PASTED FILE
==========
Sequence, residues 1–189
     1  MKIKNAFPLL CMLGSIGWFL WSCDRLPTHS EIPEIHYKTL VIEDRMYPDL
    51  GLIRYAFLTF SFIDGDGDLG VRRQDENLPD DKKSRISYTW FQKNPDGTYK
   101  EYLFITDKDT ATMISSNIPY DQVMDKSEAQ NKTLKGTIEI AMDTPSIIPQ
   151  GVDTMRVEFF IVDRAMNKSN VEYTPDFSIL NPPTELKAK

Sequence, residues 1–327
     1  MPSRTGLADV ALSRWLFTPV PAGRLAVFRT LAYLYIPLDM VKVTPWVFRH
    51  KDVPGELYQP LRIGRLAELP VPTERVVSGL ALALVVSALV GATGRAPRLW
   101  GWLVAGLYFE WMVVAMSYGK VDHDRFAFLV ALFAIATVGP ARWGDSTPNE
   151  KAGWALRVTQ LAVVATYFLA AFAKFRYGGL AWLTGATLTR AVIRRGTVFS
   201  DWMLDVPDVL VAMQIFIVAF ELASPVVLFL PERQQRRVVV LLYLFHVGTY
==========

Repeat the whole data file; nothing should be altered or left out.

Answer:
Sequence, residues 1–189
     1  MKIKNAFPLL CMLGSIGWFL WSCDRLPTHS EIPEIHYKTL VIEDRMYPDL
    51  GLIRYAFLTF SFIDGDGDLG VRRQDENLPD DKKSRISYTW FQKNPDGTYK
   101  EYLFITDKDT ATMISSNIPY DQVMDKSEAQ NKTLKGTIEI AMDTPSIIPQ
   151  GVDTMRVEFF IVDRAMNKSN VEYTPDFSIL NPPTELKAK

Sequence, residues 1–327
     1  MPSRTGLADV ALSRWLFTPV PAGRLAVFRT LAYLYIPLDM VKVTPWVFRH
    51  KDVPGELYQP LRIGRLAELP VPTERVVSGL ALALVVSALV GATGRAPRLW
   101  GWLVAGLYFE WMVVAMSYGK VDHDRFAFLV ALFAIATVGP ARWGDSTPNE
   151  KAGWALRVTQ LAVVATYFLA AFAKFRYGGL AWLTGATLTR AVIRRGTVFS
   201  DWMLDVPDVL VAMQIFIVAF ELASPVVLFL PERQQRRVVV LLYLFHVGTY